Last month, I attended a funeral at one of the area Baptist churches. In my peripheral vision, I noticed one of those small black domes found in department stores, attached to the ceiling of the sanctuary. While waiting for the ceremony to begin, I spotted three more of the black domes. Afterwards, I noticed more surveillance domes in the dining room of the church. I thought to myself, it’s a sad state of affairs when we believe that we must install ceiling-mounted dome cameras in a church.
It’s certainly understandable why a store manager wants video surveillance. There is the need to watch for shoplifting and loitering on the sales floor. We know why there are cameras near cash registers and why stockrooms are equipped with security monitoring. There is some degree of comfort knowing that parking lots and garages are equipped with cameras.
I understand the need for and the reasoning behind surveilling buildings and property. I spent a couple of years working for “California Plant Protection”, a security company that monitors industrial plants and shopping centers. Learning how to recognize suspicious scenarios and people was a valuable educational experience.
That said, I’m glad I am no longer in the work force. I would not be happy in a business that employed high levels of surveillance. The knowledge that a camera is poised to watch over my shoulder at every moment is unnerving. To have every keystroke at my workstation monitor efficiency is something that would hamper my productivity. The office would seem more like a sweatshop than a dignified business venue.
At home, I limit, as much is possible, the levels of surveillance. I have a piece of tape over the webcam on my laptop and make sure the virus/spyware prevention software is working properly. I’m mindful of people going door to door asking “survey” questions. I wince when I see my next-door neighbors’ landlady pawing through her tenants’ mailboxes.
The author of Nineteen Eighty-Four, George Orwell, would probably not only approve of, but heartily participate in today’s international commemoration. Worldwide Wave at Surveillance Day is just the ticket for those of us who are dismayed at the ever-dwindling amount of privacy we have.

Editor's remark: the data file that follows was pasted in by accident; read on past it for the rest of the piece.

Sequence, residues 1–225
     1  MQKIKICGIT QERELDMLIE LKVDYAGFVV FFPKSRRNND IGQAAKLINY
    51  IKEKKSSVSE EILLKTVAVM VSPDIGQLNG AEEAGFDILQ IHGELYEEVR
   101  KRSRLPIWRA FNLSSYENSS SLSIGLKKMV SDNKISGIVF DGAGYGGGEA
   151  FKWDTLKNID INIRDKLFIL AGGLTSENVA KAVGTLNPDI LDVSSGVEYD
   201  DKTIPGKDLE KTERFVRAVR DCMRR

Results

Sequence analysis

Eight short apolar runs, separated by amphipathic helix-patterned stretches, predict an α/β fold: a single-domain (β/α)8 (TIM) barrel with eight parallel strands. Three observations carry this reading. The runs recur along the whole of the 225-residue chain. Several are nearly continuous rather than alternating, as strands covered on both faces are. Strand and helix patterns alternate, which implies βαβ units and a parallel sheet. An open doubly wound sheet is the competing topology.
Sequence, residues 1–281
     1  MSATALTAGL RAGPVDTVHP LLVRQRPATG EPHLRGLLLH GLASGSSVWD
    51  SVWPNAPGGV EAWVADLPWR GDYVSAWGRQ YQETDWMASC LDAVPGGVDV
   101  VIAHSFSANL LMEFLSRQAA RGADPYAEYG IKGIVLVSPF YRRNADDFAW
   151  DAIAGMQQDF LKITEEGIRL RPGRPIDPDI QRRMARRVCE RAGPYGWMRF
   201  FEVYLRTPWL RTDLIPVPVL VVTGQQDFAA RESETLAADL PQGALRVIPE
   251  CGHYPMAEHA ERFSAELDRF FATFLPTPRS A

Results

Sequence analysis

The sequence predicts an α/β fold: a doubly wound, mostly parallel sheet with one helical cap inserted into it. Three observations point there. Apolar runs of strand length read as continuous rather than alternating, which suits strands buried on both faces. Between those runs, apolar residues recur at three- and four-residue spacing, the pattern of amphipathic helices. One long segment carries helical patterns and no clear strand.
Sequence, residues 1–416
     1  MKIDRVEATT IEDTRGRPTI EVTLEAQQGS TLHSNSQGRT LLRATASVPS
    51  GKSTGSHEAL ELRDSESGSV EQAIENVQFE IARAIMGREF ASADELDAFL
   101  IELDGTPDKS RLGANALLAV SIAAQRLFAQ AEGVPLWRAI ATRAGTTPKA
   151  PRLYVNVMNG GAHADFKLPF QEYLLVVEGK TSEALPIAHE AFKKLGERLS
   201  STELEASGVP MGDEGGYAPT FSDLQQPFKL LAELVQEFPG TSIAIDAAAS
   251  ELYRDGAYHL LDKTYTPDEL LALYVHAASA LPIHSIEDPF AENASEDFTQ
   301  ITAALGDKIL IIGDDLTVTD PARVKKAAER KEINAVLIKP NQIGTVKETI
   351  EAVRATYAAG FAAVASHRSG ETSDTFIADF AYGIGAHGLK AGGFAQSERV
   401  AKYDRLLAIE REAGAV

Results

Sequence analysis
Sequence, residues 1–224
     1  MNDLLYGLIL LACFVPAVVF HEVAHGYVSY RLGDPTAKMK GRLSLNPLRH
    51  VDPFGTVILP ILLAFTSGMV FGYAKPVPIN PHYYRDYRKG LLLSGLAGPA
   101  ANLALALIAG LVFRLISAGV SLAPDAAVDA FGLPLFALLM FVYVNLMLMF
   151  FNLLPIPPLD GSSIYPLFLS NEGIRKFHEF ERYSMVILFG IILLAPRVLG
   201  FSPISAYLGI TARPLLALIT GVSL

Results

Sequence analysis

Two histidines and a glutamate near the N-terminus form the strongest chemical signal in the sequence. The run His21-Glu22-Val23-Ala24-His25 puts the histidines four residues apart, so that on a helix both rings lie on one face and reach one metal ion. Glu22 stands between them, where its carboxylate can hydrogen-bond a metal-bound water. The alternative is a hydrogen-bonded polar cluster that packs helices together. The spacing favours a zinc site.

For the past half-dozen years, pseudonymous privacy activist Zorbitor has been promoting Worldwide Wave at Surveillance Day. Zorbitor has affirmed that each hand wave on August 16th is a way of telling those who watch us, that we are watching back. It’s a way of demonstrating our mutual awareness and solidarity about “big brother”. The commemoration is a nonviolent, borderless statement in favor of privacy.
Even though many surveillance cameras and devices are completely automated and utilize machine-vision algorithms, the act of repeated public acknowledgement of the devices is not worthless nor in vain. Actual human beings still oversee the process. At some time, a security employee will see someone wave a hand at a surveillance camera. Someone of authority will eventually make note of a passerby’s nod and smile towards the camera lens.
Regardless of how one might feel about corporate and government Internet surveillance and why it ostensibly takes place, our actions to prevent the overseers from snooping are helpful. When we safeguard our Web privacy, we not only limit big brother’s efforts to invade our privacy, we help keep our personal information safe from rogue hackers and pirates. On-line privacy promotes a better, more positive Internet for everybody.
Certainly there is a need for surveillance. However, there must be a healthy balance of watchfulness and respect for our privacy. This is especially true of the social environment in which, the level of snooping exceeds what George Orwell warned us about.
Remember to wave at the cameras today.
The Blue Jay of Happiness ponders this unhappy statement from George Orwell: “If you want a vision of the future, imagine a boot stamping on a human face–forever.”